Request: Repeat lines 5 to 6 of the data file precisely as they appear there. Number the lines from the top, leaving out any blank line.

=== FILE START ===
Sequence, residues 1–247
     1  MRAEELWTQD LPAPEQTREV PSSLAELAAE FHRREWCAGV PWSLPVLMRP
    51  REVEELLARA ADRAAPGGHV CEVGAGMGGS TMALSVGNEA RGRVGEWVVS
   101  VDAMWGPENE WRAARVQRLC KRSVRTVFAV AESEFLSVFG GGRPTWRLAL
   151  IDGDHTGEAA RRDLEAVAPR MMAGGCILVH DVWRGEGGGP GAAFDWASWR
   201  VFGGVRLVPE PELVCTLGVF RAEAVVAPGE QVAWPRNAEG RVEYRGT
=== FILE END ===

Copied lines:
   151  IDGDHTGEAA RRDLEAVAPR MMAGGCILVH DVWRGEGGGP GAAFDWASWR
   201  VFGGVRLVPE PELVCTLGVF RAEAVVAPGE QVAWPRNAEG RVEYRGT